born on May 11, 1907 in Pirna
died on July 15, 1976 in Dresden
German painter and resistance fighter
115th birthday on May 11, 2022
Eva Schulze-Knabe was one of the most important artists of the GDR. She is regarded as a “state-supporting commissioned artist whose past as a resistance fighter against the Nazi dictatorship fitted ideally into the official historical picture”, and who today has been unjustly forgotten, as her daughter and granddaughter sum up. In 1984, a street in Dresden was named after her.
Eva Schulze-Knabe studied in Leipzig and at the Dresden Art Academy, joined the artists' group ASSO and in 1931 the Communist Party of Germany. In the same year she married the like-minded artist Fritz Schulze. Both were friends with Hans and Lea Grundig and the writer Auguste Lazar, among others.
After the beginning of fascist regime, they tried to maintain the structures of the illegal KPD with some comrades. In August 1933 they were arrested for the first time, imprisoned for half a year, but acquitted at the trial.
They again formed a small resistance circle. In 1941, the group was exposed, and Fritz Schulze and his two comrades were sentenced to death by the ” People's Court” in 1942 and executed in Plötzensee. Eva Schulze-Knabe received a life sentence in a penitentiary.
After her liberation in 1945, she lived in Dresden as a freelance artist and used her artistic skills to help build the new social order in the GDR. She received many awards, including the Medal of Merit, twice the Fatherland Order of Merit and finally in 1969 the National Award of the GDR.
She had been exposed to various influences during her studies - from Expressionism to Cubism to New Objectivity - without joining any one current. Early on, she created frontal portraits of self-confident people, such as “Hilde Ulbricht” (around 1933) and “Laundry Paul” (charcoal, 1934) or the “Portrait of a Negro” (1931) with clear, compact forms. The colors are muted, occasionally glaring, as in “Junge im gelben Pullover” (Boy in a Yellow Sweater, 1931). In small-format linocuts, similar in design to those of Frans Masereel, she focused on the poverty and misery of the Weimar Republic. Her life-size self-portrait of 1931, for which she received a prize in the same year, is reminiscent in expression of works by the Soviet avant-garde of the 1920s. She stands defiantly proud, with a simple smock dress and combed-back hair in front of the viewer, her right leg out in front of her, her left hand on her hip. Also fascinating is her large double portrait with Fritz Schulze on brown-red paper (charcoal, heightened with white) from 1934. She fought for complete equality for women, as a comrade testified to the Gestapo.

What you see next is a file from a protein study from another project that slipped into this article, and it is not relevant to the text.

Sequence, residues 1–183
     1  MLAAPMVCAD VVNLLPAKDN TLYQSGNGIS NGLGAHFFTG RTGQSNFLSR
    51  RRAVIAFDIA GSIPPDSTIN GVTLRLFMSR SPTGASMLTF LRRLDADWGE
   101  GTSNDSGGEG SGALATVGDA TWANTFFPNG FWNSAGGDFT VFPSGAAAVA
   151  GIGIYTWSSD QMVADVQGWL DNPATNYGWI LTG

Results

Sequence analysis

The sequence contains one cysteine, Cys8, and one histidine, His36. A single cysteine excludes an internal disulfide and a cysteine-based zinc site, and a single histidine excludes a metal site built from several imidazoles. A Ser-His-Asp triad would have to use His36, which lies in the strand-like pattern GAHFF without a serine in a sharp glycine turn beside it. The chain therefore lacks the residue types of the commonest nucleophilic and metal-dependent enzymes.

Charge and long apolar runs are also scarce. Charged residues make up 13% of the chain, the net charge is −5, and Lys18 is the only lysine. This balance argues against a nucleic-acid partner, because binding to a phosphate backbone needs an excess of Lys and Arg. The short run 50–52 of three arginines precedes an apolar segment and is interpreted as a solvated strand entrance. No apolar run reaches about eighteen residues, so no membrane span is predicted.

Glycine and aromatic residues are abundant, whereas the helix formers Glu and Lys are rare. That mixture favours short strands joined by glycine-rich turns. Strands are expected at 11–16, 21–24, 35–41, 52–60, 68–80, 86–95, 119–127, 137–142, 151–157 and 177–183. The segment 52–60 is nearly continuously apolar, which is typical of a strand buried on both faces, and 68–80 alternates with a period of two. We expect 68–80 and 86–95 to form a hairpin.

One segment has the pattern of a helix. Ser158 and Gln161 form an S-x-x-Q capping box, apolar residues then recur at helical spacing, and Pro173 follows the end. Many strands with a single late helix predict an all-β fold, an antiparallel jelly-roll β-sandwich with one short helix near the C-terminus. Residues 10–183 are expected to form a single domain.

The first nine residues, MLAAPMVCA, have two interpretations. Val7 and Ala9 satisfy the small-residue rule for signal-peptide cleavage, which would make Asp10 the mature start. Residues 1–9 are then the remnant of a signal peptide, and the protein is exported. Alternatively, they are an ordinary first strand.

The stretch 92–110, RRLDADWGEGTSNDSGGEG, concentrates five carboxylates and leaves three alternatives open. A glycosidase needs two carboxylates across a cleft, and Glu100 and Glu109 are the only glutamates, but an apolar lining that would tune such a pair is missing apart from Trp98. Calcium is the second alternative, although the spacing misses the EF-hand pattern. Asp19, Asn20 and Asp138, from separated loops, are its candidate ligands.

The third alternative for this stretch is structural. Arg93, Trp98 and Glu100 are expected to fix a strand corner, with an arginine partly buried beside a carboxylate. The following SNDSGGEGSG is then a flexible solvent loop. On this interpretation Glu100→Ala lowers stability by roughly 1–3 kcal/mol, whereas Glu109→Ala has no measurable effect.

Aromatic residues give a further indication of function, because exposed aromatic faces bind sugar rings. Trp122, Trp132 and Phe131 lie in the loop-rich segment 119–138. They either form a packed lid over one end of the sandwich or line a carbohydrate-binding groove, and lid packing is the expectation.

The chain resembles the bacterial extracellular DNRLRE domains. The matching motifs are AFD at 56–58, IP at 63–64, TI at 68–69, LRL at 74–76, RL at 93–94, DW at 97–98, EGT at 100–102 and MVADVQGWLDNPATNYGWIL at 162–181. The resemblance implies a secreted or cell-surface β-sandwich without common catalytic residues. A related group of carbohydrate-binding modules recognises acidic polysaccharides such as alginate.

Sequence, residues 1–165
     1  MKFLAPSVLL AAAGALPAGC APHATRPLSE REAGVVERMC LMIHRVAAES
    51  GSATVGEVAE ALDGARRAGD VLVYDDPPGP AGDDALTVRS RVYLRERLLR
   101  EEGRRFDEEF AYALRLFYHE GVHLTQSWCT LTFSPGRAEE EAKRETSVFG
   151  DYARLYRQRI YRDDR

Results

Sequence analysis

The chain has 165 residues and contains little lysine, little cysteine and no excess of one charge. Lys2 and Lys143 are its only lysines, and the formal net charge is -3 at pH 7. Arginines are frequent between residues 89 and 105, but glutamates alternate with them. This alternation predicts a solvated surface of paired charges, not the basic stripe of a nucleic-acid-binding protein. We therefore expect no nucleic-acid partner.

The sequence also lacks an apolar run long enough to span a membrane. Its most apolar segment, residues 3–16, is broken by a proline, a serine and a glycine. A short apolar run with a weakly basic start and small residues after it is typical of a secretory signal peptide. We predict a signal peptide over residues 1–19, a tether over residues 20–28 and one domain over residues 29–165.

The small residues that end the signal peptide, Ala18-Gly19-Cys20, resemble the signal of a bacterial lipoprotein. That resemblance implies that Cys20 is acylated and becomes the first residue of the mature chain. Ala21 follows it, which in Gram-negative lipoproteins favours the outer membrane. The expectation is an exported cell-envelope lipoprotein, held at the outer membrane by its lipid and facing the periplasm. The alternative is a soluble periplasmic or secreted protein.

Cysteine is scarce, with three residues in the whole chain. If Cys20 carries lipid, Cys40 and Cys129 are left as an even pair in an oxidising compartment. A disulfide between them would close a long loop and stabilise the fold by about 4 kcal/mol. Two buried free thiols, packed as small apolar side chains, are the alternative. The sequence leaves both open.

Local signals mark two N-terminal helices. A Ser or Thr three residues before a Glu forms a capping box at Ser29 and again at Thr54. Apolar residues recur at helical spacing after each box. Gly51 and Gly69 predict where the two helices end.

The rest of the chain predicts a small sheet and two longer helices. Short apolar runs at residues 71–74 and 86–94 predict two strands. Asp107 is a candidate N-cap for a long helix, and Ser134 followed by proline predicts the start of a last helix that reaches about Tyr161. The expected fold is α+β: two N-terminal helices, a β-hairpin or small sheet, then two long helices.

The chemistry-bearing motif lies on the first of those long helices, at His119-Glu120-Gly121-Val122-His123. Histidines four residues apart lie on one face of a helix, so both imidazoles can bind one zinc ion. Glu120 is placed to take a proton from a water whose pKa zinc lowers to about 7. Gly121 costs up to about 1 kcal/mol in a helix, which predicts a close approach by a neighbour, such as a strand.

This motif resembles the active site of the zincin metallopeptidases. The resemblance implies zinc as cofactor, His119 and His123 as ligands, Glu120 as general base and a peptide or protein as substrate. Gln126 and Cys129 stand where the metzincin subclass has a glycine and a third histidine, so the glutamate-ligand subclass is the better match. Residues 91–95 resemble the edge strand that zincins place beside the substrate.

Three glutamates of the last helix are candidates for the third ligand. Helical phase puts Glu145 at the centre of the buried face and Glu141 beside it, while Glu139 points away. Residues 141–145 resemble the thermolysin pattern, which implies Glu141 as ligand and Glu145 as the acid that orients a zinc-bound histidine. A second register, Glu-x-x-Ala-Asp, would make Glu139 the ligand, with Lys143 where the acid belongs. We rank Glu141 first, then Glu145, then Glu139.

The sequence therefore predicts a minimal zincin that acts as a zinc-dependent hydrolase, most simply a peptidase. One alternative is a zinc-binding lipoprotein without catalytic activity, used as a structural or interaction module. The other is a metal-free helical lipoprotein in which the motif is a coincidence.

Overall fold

While in prison, she drew herself on envelopes, with sharp lines, disfigured by illness, hunger, and fear. She later processed the horrors of fascist persecution in pastels of the “People's Court,” which were unusual for her.
Her impressions of destroyed Dresden also bear witness to how she tried to shape the nightmarish in new ways. Her most convincing portraits from the GDR era include that of the “Worker's Wife” (“my caretaker”) from 1955 and that of the “Hero of Labor Karl Krüger” (1957), but also that of the young hopeful “Party Secretary Nacke” (1961) and that of the weaver and Volkskammer deputy Elsa Hentschke (1962). Beguiling is the picture of the daughter (“Tina in a striped sweater”, 1966) and touchingly sensitive that of a reading African student, which was acquired by the Dresden Picture Gallery. The people portrayed mostly appear serious, introverted, even closed off - one will look in vain for the famous “laughing brigadier” of Socialist Realism in her work.
In expressionist form and color, she repeatedly painted the landscape of her Saxon homeland, where she had so enjoyed hiking or biking as a young woman.
In 1971, she created her unheard-of “Self-Portrait with Helmet,” which shows her in a miner's outfit and glasses, gaunt, determined, with her right hand on her hip and a brush in her left hand - without any “feminine beauty”. It was the only GDR artwork to be included in the monograph “How Women See Themselves” by the English art historian Frances Borzello, published a few years ago. The way she portrayed herself must have been the way she was - a strong, independent and strong-willed woman who was on her own for most of her life.
Translated with www.DeepL.com/Translator (free version), edited by Almut Nitzsche, May 2022. – For additional information please consult the German version.
Author: Cristina Fischer
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